We're already seeing a situation where some of what is called "4k content" is actually composed of vector counts and textures that would look virtually the same at 2k. Sometimes I feel like the talk of "resolution" is more of a marketing buzz word than an actual measurable impact on viewer impression. The still photography of true 8k resolution might look a little bit better than 4k to the experienced producer's eye, but is it a really a huge �wow� factor *in the eyes of the general public*? Under most circumstances I would say no, but crafty marketing can make audiences feel like it is. Especially if they haven't even been to their local planetarium in X number of years.

          Our next full length feature show will be our first at 4k (a fully complex 4k environment) and 60fps. The higher frame rate make scene movements and color definition look amazingly sharp, smooth, and defined. In fact, because of the screen size, I hope someday to get to frame rates even higher than 60fps!

          I'm happy to see experiments with 8k content - it's a necessary exercise for comparison. But the next logical step ultimately comes down to a comparison of production techniques, discernible detail, public impression, cost-benefit analyses, and business sustainability.

          Stepping off my pedestal now...


          Mike.

          ********************************
          Mike Murray, Programs Manager
          Clark Planetarium
          Salt Lake City, Utah
          mmurray@...
          http://www.clarkplanetarium.org/distribution

          ************************************************
          H o m e R u n P i c t u r e s

          Tom Casey
          President & Creative DIrector

          100 First Avenue - Suite 450
          Pittsburgh, PA 15222
          Studio: 412-391-8200
          mailto:tom@...
          http://www.homerunpictures.com
        • Aaron Bradbury
          Re: bit-depth... I completely agree. Here at NSC Creative we also use a linear workflow, usually with OpenEXR half-float (16bit). EXR s are also incredibly
          Message 4 of 20 , Feb 6, 2012
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            Re: bit-depth... I completely agree. Here at NSC Creative we also use a linear workflow, usually with OpenEXR half-float (16bit). EXR's are also incredibly useful for storing additional G-buffer channels such as reflection, z-depth, material ID's etc. It is worth pointing out that these require much more storage space and can slow down rendering and compositing, so it's a good idea to test them out at production level before committing to using them on a big project.

            Aaron Bradbury
            CG Supervisor - NSC creative
            National Space Centre, Exploration Drive, Leicester, LE4 5NS, UK
            Tel:  +44 (0) 116 2582151
            http://www.NSCcreative.com/
            aaronb@...

            -----Original Message-----
            From: fulldome@yahoogroups.com [mailto:fulldome@yahoogroups.com] On Behalf Of Ryan Wyatt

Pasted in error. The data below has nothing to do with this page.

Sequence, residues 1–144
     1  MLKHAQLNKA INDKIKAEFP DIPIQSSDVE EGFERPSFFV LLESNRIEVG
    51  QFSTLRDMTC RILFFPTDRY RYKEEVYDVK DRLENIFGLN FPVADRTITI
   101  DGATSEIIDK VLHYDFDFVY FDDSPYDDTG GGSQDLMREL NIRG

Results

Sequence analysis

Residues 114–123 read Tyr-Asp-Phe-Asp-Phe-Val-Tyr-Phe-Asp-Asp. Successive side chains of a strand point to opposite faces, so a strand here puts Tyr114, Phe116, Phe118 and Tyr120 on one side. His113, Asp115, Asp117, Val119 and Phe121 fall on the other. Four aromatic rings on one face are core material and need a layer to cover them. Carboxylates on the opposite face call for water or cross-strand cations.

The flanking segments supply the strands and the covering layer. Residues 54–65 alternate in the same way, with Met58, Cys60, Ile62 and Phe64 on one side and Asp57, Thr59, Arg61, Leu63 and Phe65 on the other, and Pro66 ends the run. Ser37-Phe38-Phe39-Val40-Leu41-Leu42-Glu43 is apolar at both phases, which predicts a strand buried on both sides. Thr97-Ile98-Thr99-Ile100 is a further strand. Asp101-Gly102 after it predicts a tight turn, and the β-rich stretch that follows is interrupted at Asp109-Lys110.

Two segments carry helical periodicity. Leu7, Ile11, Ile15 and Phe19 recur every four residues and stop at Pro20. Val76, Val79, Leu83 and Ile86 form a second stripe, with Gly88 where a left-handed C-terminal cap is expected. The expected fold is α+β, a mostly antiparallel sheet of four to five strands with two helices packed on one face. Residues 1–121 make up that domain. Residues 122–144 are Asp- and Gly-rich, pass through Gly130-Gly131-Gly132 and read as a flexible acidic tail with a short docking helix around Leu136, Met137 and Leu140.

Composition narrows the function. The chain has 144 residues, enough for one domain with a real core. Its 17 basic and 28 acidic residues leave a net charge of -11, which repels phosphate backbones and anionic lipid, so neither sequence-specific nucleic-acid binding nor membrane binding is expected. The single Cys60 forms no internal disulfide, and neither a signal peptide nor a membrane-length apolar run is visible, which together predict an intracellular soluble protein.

Sent: 04 February 2012 21:36
            To: fulldome@yahoogroups.com
            Cc: Ryan Wyatt
            Subject: [fulldome] Re: Trying to Achieve 8k

            Here at the IMERSA Summit in Denver, Brad Thomson geeked out for one slide yesterday and reminded me of a point I wanted to make on this 8k topic.

            Basically, Brad noted that the Spitz Creative Media team works in higher bit depth (linear-gamma full float, to be specific) before “printing” to 8-bit for distribution. At the Academy’s visualization studio, we also work in higher bit depth, and while respecting some of the conversation about resolution and frame rate, I think it’s worth noting that bit depth is of critical importance for two reasons: 1) to have greater flexibility in final compositing and color or gamma adjustment for the display version of the show and 2) to optimize and to future-proof your content for various and emergent display system.

            On the topics of resolution and frame rate, I’ll just say that I think 8k is overkill and it’d be keen to create content at 48fps or 60fps (and I had an interesting conversation at dinner about how the former might make more sense than the latter from a production standpoint, in terms of the availability of technology that supports 48fps).


            Ryan, a.k.a.
            Ryan Wyatt, Director
            Morrison Planetarium and Science Visualization California Academy of Sciences
            55 Music Concourse Drive
            San Francisco, CA 94118


            On Jan 29, 2012, at 10:22 AM, animato727 wrote:

            Thank you Mike for taking the time to do this and for sharing your results. More of us need to do this type of sharing. And someone has to stick their neck out first. :)

            For all the sane and deeply thoughtful answers to the issues concerning resolution and frame rate on the dome, sometimes there is a simple insane answer. 8k 60fps. Our next, more traditional Planetarium show will be this insane. And were not doing it for press or bragging rights. There is a very noticeable difference for us and we hope to pass it along to our guests.
            But it is all content dependent. Slow moving object do not benefit as much from frame rate but fly a bit faster through a star field and 60fps almost looks magical.